Friday, April 22, 2016

What makes a book a book?

A "text" existing only on a screen and in the mind is not, to me, a book.
Wendell Berry, My Bookstore

Wendell Berry
If you or I were to say something like that, it wouldn't mean much. Nobody would take us seriously. But when celebrated poet and novelist Wendell Berry says it, it's worth paying attention to.

I have sometimes used the phrase "real book" to distinguish between something printed on paper and something, even if it's the same something, reproduced on a Kindle, iPad, CD or whatever. Every month LibraryThing presents a list of newly published books that will soon be available for members to review. You can indicate those that appeal to you and, if you are lucky, you might win a copy. Those at the bottom of this list are identified as ebooks. I always ignore these. If I'm going to win a book, I want it to be a real book, something I can hold in my hand and, later, put on a shelf. I have read a few ebooks and listened to quite a number of books on CD and, years ago, on tape. These were books in my mind, but yet not quite. They are like artificial Christmas trees. They serve the purpose, but are not quite the real thing.

Hear what else Berry has to say on the subject: "To me, it is not enough that a book is thought realized in language; it must also be language further realized in print on paper pages bound between covers. It is a material artifact, a thing made not only to be seen but also to be held and smelled, containing language that can be touched, and underlined with an actual pencil, with margins that can be actually written on. And so a book, a real book, language incarnate, becomes a part of one's bodily life."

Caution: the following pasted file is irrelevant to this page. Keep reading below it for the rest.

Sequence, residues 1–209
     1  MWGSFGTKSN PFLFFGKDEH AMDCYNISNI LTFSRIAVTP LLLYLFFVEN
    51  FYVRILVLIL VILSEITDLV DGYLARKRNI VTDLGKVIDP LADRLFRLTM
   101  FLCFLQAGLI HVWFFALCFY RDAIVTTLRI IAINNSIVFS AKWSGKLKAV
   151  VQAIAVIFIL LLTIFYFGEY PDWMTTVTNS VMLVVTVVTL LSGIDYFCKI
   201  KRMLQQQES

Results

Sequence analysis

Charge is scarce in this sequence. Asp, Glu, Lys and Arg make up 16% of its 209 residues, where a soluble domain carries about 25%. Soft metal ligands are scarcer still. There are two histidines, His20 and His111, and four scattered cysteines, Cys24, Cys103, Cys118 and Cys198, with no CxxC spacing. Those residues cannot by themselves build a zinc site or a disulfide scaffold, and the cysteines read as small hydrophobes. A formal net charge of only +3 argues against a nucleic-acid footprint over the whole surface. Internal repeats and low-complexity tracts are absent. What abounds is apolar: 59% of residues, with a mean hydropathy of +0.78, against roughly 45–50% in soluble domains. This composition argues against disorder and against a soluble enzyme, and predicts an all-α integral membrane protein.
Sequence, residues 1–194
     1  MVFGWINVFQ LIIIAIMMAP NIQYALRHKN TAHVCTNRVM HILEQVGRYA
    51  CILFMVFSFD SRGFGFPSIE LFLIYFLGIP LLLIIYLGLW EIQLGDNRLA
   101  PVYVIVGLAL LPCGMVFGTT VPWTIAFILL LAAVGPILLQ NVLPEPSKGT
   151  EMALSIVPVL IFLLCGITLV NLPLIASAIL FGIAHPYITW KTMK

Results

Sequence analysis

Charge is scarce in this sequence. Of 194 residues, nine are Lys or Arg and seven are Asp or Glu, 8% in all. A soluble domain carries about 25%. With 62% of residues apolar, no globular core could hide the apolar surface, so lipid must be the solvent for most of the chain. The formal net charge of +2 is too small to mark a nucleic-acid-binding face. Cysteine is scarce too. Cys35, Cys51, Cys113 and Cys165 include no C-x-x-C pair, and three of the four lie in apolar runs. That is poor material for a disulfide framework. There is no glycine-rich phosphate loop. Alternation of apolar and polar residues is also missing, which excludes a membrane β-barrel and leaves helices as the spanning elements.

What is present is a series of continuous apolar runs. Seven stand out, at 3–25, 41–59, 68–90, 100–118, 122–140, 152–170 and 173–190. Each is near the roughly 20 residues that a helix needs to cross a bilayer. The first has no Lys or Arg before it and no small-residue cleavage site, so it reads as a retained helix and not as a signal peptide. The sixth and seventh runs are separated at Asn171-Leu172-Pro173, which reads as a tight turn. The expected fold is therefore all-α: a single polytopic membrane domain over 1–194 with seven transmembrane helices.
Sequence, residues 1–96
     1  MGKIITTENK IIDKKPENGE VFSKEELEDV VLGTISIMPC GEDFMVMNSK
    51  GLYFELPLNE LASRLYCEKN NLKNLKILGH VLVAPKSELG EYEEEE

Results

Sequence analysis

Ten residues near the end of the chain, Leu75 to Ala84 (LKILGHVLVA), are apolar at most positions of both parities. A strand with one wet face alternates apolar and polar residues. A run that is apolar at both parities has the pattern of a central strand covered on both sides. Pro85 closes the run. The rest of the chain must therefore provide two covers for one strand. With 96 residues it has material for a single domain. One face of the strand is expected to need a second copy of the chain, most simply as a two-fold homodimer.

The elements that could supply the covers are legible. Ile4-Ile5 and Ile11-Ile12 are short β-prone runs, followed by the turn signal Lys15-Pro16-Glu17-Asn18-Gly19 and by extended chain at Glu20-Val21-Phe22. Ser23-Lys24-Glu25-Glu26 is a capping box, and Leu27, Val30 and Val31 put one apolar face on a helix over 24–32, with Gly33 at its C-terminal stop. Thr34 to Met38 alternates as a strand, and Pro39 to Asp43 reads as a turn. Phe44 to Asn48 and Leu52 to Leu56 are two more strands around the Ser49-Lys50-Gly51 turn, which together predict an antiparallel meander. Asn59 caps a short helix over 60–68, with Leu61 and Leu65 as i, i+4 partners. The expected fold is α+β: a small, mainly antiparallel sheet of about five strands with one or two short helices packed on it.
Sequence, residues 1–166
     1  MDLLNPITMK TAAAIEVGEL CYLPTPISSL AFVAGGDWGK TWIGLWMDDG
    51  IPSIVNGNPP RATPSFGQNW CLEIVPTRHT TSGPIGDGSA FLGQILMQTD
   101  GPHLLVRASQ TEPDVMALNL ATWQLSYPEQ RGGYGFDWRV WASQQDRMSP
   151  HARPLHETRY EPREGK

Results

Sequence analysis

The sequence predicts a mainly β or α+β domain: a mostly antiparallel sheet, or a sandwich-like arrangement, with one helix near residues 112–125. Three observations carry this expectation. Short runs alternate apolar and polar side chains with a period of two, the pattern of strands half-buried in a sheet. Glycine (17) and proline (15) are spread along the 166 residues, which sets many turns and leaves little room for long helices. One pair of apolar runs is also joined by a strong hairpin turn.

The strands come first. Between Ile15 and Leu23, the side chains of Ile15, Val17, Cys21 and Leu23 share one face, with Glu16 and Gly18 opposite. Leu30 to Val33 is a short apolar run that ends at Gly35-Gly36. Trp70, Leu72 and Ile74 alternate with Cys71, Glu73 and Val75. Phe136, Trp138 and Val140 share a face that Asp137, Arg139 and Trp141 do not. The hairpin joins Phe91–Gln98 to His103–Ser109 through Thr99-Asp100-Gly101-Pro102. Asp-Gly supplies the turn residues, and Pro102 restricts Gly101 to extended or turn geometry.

Wendell Berry uses the phrase "real book." too, I'm glad to see. Other phrases that catch my eye are "thought realized in language," which is true even of any spoken sentence, and "language incarnate," which refers to words taking physical form. It was a big step when mankind moved from just "thought realized in language" to "language incarnate." To many, especially younger generations, it seems like another big step to be moving on to language on screens.

David Denby's new book Lit Up, one of the recent review books I've received through LibraryThing, examines the difficulties faced by teachers trying to teach literature to today's teenagers. He quotes one boy, perhaps speaking for his generation, saying, "Books smell like old people." Thanks to an inspired teacher, this same boy was soon not just reading real books but engaging in literary discussions with classmates. Even so, it would appear that those of us who agree with Wendell Berry on what makes a book a book are in a dwindling minority.

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